“Everyone in Washington thinks they are the smartest person in the room,” as the old saying goes. That was epitomized by a retired NIH researcher who perpetually swaggered like a second-term congressman. This pint-sized fellow presumed everyone on hikes lusted to hear all the highlights of his career. 

Walking near the Potomac River on a cold morning in November 2021, he boasted of personally knowing many top Covid policymakers, all of whom were wonderful people. He touted the mRNA vaccine as “practically the greatest invention of the century.” 

“What about that Mayo Clinic study showing Pfizer’s efficacy has fallen to 42 percent?” I asked nonchalantly. 

“I didn’t hear about that. It’s an amazing vaccine and everyone should get it.”

I nodded my head. “Are you concerned the top FDA vaccine experts resigned in protest over the White House pressure to approve the boosters?”

“That doesn’t sound accurate. I subscribe to the New York Times, Wall Street Journal, and Washington Post and read them every day and saw nothing about this.”

The Washington Post covered those resignations and ran testy op-eds by one of the former officials but I didn’t want to tax his memory. People don’t see what they don’t want to know. 

“Back in July,” I commented, “Biden said in his CNN Town Hall that anyone who got vaxxed wouldn’t get Covid. Now there’s millions of ‘breakthrough’ cases.” I refrained from muttering, “Close enough for government work.” 

The retired scientist became visibly annoyed. “That was based on prior data. It’s unfair to criticize the president based on information that is outdated.”

“What do you think about the clash between the White House and the CDC about mandating third injections for almost everybody?” I asked, striving for the same dispassionate tone an optometrist uses when asking about reading the letters on the bottom row. 

“I haven’t heard anything about it. But the White House and the CDC need to coordinate their messaging,” he snapped. Dude was perturbed I wasn’t deferring to the former Deputy Poohbah Research Coordinator for Sub-Molecular Federal Appropriations. 

“Messaging isn’t the issue,” I said. “CDC is concerned about the adverse health effects, according to a recent front-page Post piece.”

“The vaccine is safe, the FDA said so,” he indignantly replied. And then he launched into a fervent riff about how he personally knew Tony Fauci. “It’s a very bad thing to have politicians and the media criticizing scientists,” he declared with a wagging finger. Geez, no wonder this guy adored Fauci. 

I resisted the temptation to ask if he thought Saint Tony was going to prison for lying to Congress. Regardless, he stopped coming on hikes after that. I never got the chance to ask him about Fauci’s squirrely testimony in a recent lawsuit. My description of Fauci as “omniscient except during depositions” in a New York Post op-ed probably would not have amused him.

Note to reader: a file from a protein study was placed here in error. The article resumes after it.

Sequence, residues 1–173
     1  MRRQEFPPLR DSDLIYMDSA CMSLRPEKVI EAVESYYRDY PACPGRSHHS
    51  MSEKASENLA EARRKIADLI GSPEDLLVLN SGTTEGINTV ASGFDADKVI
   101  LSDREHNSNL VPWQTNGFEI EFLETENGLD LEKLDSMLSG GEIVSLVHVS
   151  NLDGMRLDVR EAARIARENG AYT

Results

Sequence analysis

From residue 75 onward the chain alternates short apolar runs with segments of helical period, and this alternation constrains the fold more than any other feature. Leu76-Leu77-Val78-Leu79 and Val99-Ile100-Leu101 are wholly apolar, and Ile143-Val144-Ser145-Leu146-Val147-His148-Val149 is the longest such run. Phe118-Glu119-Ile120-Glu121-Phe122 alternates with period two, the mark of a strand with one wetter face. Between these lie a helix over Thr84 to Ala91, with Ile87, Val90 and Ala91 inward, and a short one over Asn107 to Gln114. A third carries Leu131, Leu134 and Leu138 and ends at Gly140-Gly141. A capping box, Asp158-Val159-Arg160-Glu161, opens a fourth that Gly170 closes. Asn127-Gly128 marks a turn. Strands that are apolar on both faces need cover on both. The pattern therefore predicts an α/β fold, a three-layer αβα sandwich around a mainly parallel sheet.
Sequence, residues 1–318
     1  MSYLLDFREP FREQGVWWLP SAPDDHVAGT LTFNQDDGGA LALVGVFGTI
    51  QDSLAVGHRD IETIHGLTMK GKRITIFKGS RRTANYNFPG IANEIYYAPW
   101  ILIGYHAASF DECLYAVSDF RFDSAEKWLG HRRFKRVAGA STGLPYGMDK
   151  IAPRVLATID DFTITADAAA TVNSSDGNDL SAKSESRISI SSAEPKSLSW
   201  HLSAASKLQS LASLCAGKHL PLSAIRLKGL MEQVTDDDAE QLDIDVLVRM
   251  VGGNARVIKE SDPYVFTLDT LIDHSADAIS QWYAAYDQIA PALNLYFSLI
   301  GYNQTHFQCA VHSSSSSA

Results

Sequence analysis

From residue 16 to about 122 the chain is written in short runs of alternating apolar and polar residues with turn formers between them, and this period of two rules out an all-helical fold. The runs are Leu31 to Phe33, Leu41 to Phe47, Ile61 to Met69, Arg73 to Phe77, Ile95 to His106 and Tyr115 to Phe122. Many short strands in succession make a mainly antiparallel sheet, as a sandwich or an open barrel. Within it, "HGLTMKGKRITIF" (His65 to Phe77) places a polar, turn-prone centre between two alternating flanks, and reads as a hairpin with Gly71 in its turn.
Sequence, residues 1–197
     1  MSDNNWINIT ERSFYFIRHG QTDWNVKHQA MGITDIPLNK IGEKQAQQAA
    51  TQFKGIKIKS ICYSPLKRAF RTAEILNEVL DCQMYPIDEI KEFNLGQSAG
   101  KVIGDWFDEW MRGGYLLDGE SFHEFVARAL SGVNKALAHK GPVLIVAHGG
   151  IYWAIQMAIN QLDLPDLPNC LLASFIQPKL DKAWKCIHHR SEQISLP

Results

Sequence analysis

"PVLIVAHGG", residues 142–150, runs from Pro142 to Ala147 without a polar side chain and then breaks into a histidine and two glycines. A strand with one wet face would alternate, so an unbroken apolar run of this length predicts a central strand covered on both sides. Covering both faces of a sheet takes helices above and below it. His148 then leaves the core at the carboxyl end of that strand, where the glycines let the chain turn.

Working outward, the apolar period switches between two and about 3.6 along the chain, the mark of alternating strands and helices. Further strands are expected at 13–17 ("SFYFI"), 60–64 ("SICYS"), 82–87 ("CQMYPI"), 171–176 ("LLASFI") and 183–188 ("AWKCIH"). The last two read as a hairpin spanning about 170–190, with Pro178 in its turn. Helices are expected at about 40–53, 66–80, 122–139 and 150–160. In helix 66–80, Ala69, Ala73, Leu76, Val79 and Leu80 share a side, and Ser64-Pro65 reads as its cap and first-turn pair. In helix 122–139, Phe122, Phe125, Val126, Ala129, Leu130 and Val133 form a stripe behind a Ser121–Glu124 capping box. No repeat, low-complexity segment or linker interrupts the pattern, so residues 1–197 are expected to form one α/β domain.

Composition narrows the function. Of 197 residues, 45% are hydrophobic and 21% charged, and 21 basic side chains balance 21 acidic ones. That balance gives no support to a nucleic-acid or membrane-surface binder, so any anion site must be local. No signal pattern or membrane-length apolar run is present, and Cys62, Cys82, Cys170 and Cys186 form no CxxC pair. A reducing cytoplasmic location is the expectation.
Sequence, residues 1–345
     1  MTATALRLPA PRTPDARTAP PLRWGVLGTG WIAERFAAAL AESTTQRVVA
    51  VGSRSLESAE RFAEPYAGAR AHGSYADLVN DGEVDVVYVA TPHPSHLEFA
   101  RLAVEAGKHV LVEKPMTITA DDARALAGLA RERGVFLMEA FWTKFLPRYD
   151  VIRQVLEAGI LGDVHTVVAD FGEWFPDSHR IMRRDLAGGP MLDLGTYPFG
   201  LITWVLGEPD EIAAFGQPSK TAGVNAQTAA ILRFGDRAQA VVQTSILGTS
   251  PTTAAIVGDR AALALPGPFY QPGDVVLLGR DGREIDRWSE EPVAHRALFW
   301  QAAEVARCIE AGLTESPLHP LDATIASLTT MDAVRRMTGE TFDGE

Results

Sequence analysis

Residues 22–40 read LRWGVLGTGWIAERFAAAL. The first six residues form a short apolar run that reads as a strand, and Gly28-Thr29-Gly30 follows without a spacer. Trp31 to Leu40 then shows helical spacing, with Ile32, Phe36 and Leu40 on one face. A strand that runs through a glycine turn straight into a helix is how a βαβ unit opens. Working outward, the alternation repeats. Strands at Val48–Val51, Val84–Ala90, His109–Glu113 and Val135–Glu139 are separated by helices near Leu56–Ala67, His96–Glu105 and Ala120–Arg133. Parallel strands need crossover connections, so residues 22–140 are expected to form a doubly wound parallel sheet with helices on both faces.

Hiking schedules were at the mercy of local politicians. In late 2021, District of Columbia Mayor Muriel Bowser decreed a vaccine mandate for any activities in her domain, so I stopped hosting hikes within the city limits. Former FDA press chief Emily Miller scoffed, “The purpose of a vaccine passport is for the #ScaredVaccinated to have a false sense of security.” 

In February last year, I ventured into DC and briefly stepped into an upscale Dupont Circle coffee shop to dodge a torrential downpour. Every table hosted a hefty warning sign: “Masks on & Vaccine Cards out!” Patrons were hectored: “All cafes and restaurants… are REQUIRED by the Mayor’s Office to check vaccine cards of dine-in customers. Thank you for helping us comply with local regulations to remain open!” Why didn’t that establishment just adapt the slogan: “Come Sip with the Gestapo!” 

I was mystified why people would pay $6.50 for a coffee to be treated worse than parolees. There was far less compliance with such edicts in lower-income parts of DC. The vax passport regime was approved by 86 percent of D.C. whites but only 63 percent of blacks. Blacks had a lower vaccination rate and the mayor’s edict effectively made them second-class citizens. That coffee shop went out of business shortly after my visit. 

Most Washingtonians I meet are color blind to other people’s freedom. At the start of the pandemic, government officials trumpeted terrifying statistical extrapolations of potential infection rates. Thus, they automatically became entitled to lock people in their homes, shut down their businesses, and padlock their churches. The credentials of experts receive infinitely more respect inside the Beltway than Americans’ constitutional rights. 

Public health leaders are calling for the appointment of a commission to investigate the failures of Covid-19 policies. But many of the most destructive edicts originated from the presumption that all Americans should bow to their superiors. There will be no reduction of Washingtonians’ arrogance no matter how many pandemic pratfalls are exposed. 

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  • James Bovard

    James Bovard, 2023 Brownstone Fellow, is author and lecturer whose commentary targets examples of waste, failures, corruption, cronyism and abuses of power in government. He is a USA Today columnist and is a frequent contributor to The Hill. He is the author of ten books, including Last Rights: The Death of American Liberty.